"I still believe that there is a lot out there for them to do," he says. "It could be a win-win-win, but if the people who they're donating to were the ones who were previously doing the rescue, then they're just taking a slice of the pie and giving what's left back after taking a profit."
- Matthew Schniper
- Care and Share Food Bank has allowed FoodMaven to use refrigerated storage space; in turn, they've received donations from FoodMaven.
Wyatt's concern boils down to a question of added value. In Colorado Springs, FoodMaven has donated enough food to more than make up for any regular food donations they've disrupted. Will FoodMaven continue to do so as they expand?
There's another angle to the value question that Poore notes: quality and variety of food. She says Care and Share often lacks supplies of protein-rich foods.
"The reason protein is always scarce is that it's [more] expensive..." she says. "Any time we receive that type of food, it's greatly appreciated." FoodMaven's access to quality meats and dairy can help address that.
Still, whatever the impact on food charities, FoodMaven is having a positive impact on the environment, estimating it will divert almost 10.5 million pounds of food between July 2017 and June 2018, and that's just in Colorado Springs. By doing that, they're also helping fight global warming. When food rots in a landfill, it releases methane, a greenhouse gas that the Environmental Protection Agency says warms the planet by 23 times as much as carbon dioxide. The estimated 604 tons of methane FoodMaven plans to keep out of the atmosphere by June 2018 equates to almost 14,000 tons of CO2. That's the equivalent of keeping more than 2,700 cars off the road for a year.
From the business end, the response has been good.
"We've been on a pace of doubling [revenues] month over month," says Bultema. He says the company could go cash-positive this year, though they plan instead to keep seeking investments and expanding aggressively. As noted, they've associated with more than 120 restaurants in the Colorado Springs area alone, including the Poor Richard's complex, Wild Goose Meeting House and the Blue Star Group, which includes the Old School Bakery and Nosh.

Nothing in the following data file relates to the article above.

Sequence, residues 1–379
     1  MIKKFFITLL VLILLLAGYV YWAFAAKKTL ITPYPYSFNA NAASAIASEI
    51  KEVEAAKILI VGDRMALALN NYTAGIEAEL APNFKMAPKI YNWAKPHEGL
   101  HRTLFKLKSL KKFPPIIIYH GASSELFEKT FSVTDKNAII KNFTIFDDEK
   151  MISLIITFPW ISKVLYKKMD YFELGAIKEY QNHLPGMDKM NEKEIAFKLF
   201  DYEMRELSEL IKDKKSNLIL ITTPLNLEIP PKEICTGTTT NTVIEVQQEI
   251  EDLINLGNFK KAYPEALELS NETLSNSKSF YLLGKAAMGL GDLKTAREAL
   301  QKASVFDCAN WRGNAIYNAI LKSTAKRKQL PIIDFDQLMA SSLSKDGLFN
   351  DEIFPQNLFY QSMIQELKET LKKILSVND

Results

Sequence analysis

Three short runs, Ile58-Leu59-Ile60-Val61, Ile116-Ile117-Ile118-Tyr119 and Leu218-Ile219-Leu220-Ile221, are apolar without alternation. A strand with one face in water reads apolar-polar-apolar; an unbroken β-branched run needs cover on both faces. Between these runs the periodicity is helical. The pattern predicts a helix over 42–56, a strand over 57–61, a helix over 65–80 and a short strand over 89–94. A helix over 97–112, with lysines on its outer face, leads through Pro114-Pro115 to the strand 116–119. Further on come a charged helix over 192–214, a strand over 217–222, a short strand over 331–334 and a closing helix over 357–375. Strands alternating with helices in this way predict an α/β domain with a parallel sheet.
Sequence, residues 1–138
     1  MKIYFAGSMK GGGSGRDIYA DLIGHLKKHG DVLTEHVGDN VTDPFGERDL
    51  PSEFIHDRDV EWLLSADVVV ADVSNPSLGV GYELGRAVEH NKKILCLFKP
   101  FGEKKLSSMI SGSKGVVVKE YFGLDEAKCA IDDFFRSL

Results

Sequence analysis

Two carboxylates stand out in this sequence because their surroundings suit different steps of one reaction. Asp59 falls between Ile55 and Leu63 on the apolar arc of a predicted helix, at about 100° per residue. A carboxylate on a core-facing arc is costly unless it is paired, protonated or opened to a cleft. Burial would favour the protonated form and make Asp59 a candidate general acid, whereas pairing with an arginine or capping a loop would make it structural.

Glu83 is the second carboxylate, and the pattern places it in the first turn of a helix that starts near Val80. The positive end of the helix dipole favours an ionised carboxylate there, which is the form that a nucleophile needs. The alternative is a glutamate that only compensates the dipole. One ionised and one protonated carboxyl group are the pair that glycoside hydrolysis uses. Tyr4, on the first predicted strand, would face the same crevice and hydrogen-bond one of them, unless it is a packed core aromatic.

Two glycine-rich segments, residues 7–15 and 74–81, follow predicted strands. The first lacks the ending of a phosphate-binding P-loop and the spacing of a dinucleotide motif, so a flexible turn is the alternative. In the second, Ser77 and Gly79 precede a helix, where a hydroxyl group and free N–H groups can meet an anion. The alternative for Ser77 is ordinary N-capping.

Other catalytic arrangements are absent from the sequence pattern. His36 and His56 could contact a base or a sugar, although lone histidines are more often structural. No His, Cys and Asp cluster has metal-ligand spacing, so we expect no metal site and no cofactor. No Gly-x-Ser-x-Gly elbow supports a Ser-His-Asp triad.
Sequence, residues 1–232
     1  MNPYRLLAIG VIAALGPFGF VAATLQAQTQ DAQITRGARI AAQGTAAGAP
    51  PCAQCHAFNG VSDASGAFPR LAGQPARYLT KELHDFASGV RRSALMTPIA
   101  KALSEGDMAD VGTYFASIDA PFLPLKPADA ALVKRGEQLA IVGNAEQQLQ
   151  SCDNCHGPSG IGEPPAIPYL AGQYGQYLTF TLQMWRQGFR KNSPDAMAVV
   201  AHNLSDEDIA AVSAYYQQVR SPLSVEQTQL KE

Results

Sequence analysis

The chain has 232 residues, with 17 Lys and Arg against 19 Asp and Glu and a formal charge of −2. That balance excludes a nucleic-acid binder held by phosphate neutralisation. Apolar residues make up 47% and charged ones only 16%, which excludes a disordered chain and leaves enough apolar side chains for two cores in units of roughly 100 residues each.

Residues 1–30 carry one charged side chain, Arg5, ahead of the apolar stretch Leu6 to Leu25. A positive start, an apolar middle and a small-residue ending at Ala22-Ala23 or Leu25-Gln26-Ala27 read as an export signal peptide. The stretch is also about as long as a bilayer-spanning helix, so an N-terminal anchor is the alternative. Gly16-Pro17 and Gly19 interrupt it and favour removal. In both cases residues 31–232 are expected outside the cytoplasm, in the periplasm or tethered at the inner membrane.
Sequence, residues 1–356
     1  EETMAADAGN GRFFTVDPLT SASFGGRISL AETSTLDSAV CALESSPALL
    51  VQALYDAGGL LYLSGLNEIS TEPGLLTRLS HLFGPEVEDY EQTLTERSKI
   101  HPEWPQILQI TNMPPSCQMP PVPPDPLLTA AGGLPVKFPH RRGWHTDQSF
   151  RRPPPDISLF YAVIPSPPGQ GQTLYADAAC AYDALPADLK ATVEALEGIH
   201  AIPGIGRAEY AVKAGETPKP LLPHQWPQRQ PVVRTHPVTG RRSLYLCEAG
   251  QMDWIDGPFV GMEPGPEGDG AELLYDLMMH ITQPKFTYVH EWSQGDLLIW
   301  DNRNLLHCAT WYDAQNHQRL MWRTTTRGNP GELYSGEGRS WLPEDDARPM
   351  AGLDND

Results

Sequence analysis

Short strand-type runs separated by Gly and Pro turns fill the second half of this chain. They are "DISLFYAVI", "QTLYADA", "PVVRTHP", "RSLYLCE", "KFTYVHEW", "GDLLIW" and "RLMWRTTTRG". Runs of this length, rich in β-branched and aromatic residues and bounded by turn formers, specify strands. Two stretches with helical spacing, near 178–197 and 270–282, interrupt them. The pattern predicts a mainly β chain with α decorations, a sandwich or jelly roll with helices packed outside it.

"We're really excited about what they're doing," says Autumn Londo, Blue Star's general manager. "When FoodMaven first got brought to us, I thought it was too good to be true. ... I thought there was no way I could get good chicken at this price." At the time, she and her staff were unfamiliar with the company's model. But they decided to order a box and cook it up to see. The results were good.
Now, Londo and her team order from FoodMaven to supplement what they get through other sources. As of now, though, FoodMaven doesn't move enough food for the Blue Star to build a menu with them as a supplier. Still, she says FoodMaven allows her chefs to make small orders for daily specials.
"FoodMaven allows us to have more fun with our menu," she says. "It gives my chefs the ability to play."
Poor Richard's Restaurant general manager Terri Loughlin wasn't at all familiar with FoodMavent's business model when we spoke, but she was happy to buy for the savings.
"Their prices are really low, so if there are things [we're] going to be using right away, it's financially a plus for us," she says. Still, they're not making a massive difference in the Poor Richard's budget.
"It's probably less than 1 percent of our entire food cost. We're saving $10 here, $10 there," she says.
Going forward, Bultema and Lewis have big plans — namely, going nationwide. Bultema says they hope to be in somewhere between 50 and 100 cities in the next five years. In addition to the $1 million they're raising now, they've applied for grant money from the Colorado Department of Public Health and Environment. They also intend to raise $5 million to $7 million this summer and another $50 million to $60 million in 2018.
"Our model is based on a pretty aggressive scaling endeavor," says Lewis. "We think we'll be able to, at that point, raise that level of capital, having proven the model in Colorado and potentially some other states. To stay ahead of competition, we're on an aggressive timeline."
While concerns exist, Bultema and Lewis' good intentions read authentic. They're addressing a problem that they don't see anyone doing anything about, and they're doing it in a way that makes money.
Lewis says, "I get a kick out of subverting the assumption that aggressive-growth, for-profit businesses must be evil."
However FoodMaven grows going forward, that chicken their driver delivered to the Ivywild School has since made it into many dishes and many bellies. But do diners have any idea about the unique story and business model behind what arrived on some of their plates?
"Our customers have not noticed the change," says Old School Bakery's retail manager, Margaret O'Leary. "Quality has still been high."